Erica Swallow: My Favorite TED Talk

by Todd Jones ([email protected]) 211 views 

With Little Rock hosting a TED Talk later this month, we’ve begun a series of asking a number of folks in the Arkansas startup scene for their favorite talk.

One of the speakers at the Little Rock event is Erica Swallow, vice-president of product at Noble Impact.

Swallow is a native of Paragould, a graduate of Massachusetts Institute of Technology – Sloan School of Management and New York University. She is an entrepreneur, technology enthusiast and social media fan.

In addition, Swallow has been a contributor at various publications including the Wall Street Journal, Mashable, Forbes, The Huffington Post, Entrepreneur magazine and more.

From Erica Swallow:

There are so many good TED talks, but one of my favorites is novelist Chimamanda Ngozi Adichie’s talk on “the danger of a single story.”

Growing up in Arkansas, I was always fascinated with the magazines that arrived in my mailbox from distant lands such as New York and Los Angeles. It wasn’t until I was a young woman in college, though, that I began to understand that it is not sufficient to understand a story, but even more important to understand who is telling the story and what motivates them to do so.

I am befuddled at how I hadn’t, up until college, stopped to question the authors of history, of the novels I had read, of the news I had consumed.

Adichie’s TED talk hit the notion home for me, that we must always consider the writers of history, of media, of news, of everything written and told.

A former boss and colleague of mine, Contently CEO Shane Snow, gave a TEDx talk entitled, “Those who tell the stories rule the world.” It’s an old Native American proverb that was painted on the walls of Contently when I worked there. I’ve never forgotten that message, and Adichie’s personal story is one that is emblazoned in my memory as adding much context to that idea.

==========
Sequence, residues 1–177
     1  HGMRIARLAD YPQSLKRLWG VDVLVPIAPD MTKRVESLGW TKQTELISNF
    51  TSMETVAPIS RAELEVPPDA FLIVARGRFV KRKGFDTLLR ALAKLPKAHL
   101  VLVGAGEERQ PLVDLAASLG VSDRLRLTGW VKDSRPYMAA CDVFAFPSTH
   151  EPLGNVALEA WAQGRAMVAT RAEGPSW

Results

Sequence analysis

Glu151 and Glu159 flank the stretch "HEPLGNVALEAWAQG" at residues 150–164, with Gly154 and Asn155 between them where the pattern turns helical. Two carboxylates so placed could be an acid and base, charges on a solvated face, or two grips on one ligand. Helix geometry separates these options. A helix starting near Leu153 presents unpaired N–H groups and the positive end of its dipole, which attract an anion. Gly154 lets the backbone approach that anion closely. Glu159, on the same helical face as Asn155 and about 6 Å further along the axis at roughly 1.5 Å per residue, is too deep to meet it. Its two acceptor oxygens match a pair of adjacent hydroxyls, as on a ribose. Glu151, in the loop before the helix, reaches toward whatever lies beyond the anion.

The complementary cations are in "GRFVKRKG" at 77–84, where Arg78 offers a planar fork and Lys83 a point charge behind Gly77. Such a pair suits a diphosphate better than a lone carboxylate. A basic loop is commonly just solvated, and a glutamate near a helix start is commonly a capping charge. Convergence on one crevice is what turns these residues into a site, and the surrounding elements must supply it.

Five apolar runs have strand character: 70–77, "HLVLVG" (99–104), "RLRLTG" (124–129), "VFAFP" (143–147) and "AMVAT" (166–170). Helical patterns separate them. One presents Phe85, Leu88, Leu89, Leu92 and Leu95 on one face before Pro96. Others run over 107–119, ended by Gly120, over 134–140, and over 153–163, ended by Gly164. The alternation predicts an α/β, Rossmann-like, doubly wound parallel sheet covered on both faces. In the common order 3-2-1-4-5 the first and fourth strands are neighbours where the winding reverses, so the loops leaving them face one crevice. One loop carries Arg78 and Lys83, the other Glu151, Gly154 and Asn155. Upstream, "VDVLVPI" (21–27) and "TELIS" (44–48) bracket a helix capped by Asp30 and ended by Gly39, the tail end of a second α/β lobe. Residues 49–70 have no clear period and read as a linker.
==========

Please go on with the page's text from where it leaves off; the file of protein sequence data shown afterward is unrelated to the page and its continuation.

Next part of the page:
It’s not often that we hear personal stories, told with such precision, about the effects of stories and storytellers on a person’s core existence. In the words of Adichie, her talk is about “how impressionable and vulnerable we are in the face of a story, particularly as children.”

Imagine living in a world where the stories you heard as a child were not reflective of your culture or history. Or a world where all you’ve heard about another culture is so off-point that it’s not reflective of that culture.

The truth is, we all live in this world, and it’s controlled by the stories we hear and the people who tell those stories. As a storyteller, I take great responsibility in mitigating bias when I tell stories, but I – like everyone – am limited by my experiences and the stories I too have heard.

It is important that as readers, we maintain a curious mind to question those who are sharing stories, and as storytellers, we must always seek to tell all sides of the story.

I’ll leave you with one last thought from Winston Churchill on this topic: “history is written by the victors.” It’s a disservice to humanity to have just a single story. Hopefully Adichie’s talk inspires more people to consider the importance of that idea.

Watch Swallow’s favorite TED Talk from Adichie below.